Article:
One dark lightbulb is slumped over next to a bright lightbulb that has its hand reassuringly rested on the other's shoulder.

Overcoming Epilepsy by Learning How to Fail

"I have not failed. I've just found 10,000 ways that won't work," Thomas Edison once said about his quest to invent the light bulb. Good words.

The more experiences I have – as someone with epilepsy and as a parent – the more I love how my parents raised me. Unfortunately, they're not around for me to tell them. Both were elementary school teachers, caring for an epileptic son in a rural area without access to experts, during the 1960s and 70s. That's a time period I refer to as epilepsy's "Iron Age."

Growing up with epilepsy

I don't believe that "epileptologists" existed anywhere other than the tightest research institutions. Phenobarbital was the sole medication offered to us. Surgery was inconceivable. And the children were assigned to special education programs regardless of their intellect.

Support groups were nonexistent. First, because parents and patients thought they had to keep quiet or risk being shunned in the community, and second, because the benefits were unimaginable.

Dad shared with me that I wasn't different from his students in how he considered children "boulders," attributing that to Michelangelo's sculpting. That master confessed that he never started chiseling on a boulder with an image in his mind of a sculpture. Rather, Michelangelo started chiseling to free the masterpiece inside that rock that was yearning to blossom.

My talents and my challenges

My parents knew that I wouldn't be as popular with my peers because of my seizures and the clumsy medical side effects. When team captains selected players for games at recess, captains avoided picking me.

Mom and Dad recognized my talents for art and speaking, and masterfully guided me toward art contests and the community theater. They got me into contests. Dad became a Boy Scout troop leader when we moved to a community that didn't have a troop. He coached baseball little league to make sure that I stayed in games longer than other father coaches would tolerate my strikeouts and errors – or maybe get hits. He was proud I tried.

My parents took my sister and me to historic sites, public events, and industrial open houses, and he bought a set of encyclopedias to make us research our destinations in advance.

My dreams of military service despite my epilepsy

Aviation, outer space, and the Navy were my greatest interests from the time I was in grade school! My parents knew that because of my epilepsy, getting into them would be like climbing Mount Everest, which was why they fostered alternative interests should I fail. All the while, not extinguishing my burning desire to try.

When I was a grown man, long after college and into my career in television, Dad confessed to me what had been his hardest task as a father: setting me up to crash and burn.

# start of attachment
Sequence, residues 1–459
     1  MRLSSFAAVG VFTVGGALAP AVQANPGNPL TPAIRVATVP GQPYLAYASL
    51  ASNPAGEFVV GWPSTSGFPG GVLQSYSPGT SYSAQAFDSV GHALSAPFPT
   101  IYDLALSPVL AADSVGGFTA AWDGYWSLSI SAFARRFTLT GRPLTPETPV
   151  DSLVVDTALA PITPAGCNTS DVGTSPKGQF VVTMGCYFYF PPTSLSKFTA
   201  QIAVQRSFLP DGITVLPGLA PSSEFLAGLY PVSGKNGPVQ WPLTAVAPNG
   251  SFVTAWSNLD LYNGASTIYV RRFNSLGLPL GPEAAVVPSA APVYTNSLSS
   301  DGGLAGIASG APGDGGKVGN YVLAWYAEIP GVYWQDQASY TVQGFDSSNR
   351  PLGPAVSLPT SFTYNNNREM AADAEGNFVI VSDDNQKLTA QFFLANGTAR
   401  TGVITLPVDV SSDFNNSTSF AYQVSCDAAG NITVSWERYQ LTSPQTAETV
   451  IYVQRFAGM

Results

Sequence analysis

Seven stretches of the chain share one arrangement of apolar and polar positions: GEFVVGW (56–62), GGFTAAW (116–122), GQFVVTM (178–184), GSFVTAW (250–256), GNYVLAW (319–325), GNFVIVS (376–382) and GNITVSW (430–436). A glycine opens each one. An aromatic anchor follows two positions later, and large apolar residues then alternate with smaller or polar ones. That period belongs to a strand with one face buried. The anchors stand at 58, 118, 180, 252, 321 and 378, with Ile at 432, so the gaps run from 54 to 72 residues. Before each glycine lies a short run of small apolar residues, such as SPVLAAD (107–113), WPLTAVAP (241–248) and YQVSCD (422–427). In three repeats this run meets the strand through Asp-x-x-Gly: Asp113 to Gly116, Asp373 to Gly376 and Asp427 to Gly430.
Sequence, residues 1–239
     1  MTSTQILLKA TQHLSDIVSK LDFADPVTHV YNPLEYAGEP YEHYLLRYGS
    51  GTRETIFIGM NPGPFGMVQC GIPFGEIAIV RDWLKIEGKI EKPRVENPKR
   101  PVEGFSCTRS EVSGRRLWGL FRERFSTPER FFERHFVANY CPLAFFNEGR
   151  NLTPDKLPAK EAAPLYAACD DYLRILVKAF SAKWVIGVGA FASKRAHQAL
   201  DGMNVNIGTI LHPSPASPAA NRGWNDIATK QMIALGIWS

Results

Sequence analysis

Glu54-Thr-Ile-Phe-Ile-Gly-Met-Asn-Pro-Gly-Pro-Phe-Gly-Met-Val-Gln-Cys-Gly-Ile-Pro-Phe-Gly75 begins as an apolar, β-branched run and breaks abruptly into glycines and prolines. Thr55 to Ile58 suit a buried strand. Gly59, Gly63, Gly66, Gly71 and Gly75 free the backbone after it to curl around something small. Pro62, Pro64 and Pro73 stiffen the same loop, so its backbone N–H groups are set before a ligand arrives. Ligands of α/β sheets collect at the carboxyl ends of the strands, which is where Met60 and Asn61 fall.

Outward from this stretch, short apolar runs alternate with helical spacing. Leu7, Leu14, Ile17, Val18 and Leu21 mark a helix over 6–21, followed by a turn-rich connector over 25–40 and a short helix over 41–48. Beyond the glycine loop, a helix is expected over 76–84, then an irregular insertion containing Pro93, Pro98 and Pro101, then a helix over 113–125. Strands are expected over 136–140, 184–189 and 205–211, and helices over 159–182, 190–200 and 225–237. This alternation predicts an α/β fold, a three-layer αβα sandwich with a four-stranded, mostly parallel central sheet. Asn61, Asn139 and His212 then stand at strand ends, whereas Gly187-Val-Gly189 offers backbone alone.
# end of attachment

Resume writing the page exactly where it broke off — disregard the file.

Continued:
My epilepsy "handicap"

High school graduation was approaching. My congressman was behind me in taking a stab to enter the Naval Academy. But my epilepsy meant I was going to have a special meeting with Navy authorities. The day before the meeting, the Navy commander in charge telephoned Dad and told him that he needn't bring me because my "handicap wouldn't be tolerated."

"You tell him that, not me," Dad said. He added, "If I don't take him, he will hate me for the rest of his life for not letting him try."

But I cannot fail! Right?

The next morning, he and Mom sat quietly in the back of the commander's office and watched me spread out reference letters, awards, and even trophies that I intended to use in what I knew would be a hard sell. They knew that I was determined to be the only person of my generation in either of their families who cared about seeing that a family tradition of military service dating from the American Revolution was carried on.

"We can't use a person with your handicap in the military," the commander uttered before I could barely say a word. Still, I cited to a stone wall for several minutes the famous military commanders who had epilepsy, like Alexander the Great, Julius Caesar, Hannibal, and Napoleon. The officer struck me as contemptible when he sighed, "They weren't flying F-14’s."

"Neither are you! Telling me why I can't have your job!" I shouted. After surrendering, I didn't speak to anyone for over a day.

Learning how to fail is part of epilepsy... and life

In the years that followed that disaster, my epilepsy remained. Mom and Dad continued letting me be the 1 to choose what things to try, even if the ideas seemed outlandish, and would give me their support.

That's how just 3 years afterward, I was elected the youngest delegate in America to the Republican National Convention and got an idea about energy approved in the Party Platform. I had some nice, big successes that were unimaginable to most, and "crashed and burned" many more times. But because of their attitude, I wasn't afraid to try.

Failure is a continuous part of life whether people do or don't have epilepsy or other disabilities. My advice? Don't become over-protective of someone who becomes epileptic! God bless Tom and Rosie Ulmer for teaching me how to fail.

"Success is not final, failure is not fatal: it is the courage to continue that counts." –Winston Churchill.

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This article represents the opinions, thoughts, and experiences of the author; none of this content has been paid for by any advertiser. The team does not recommend or endorse any products or treatments discussed herein. Learn more about how we maintain editorial integrity here.

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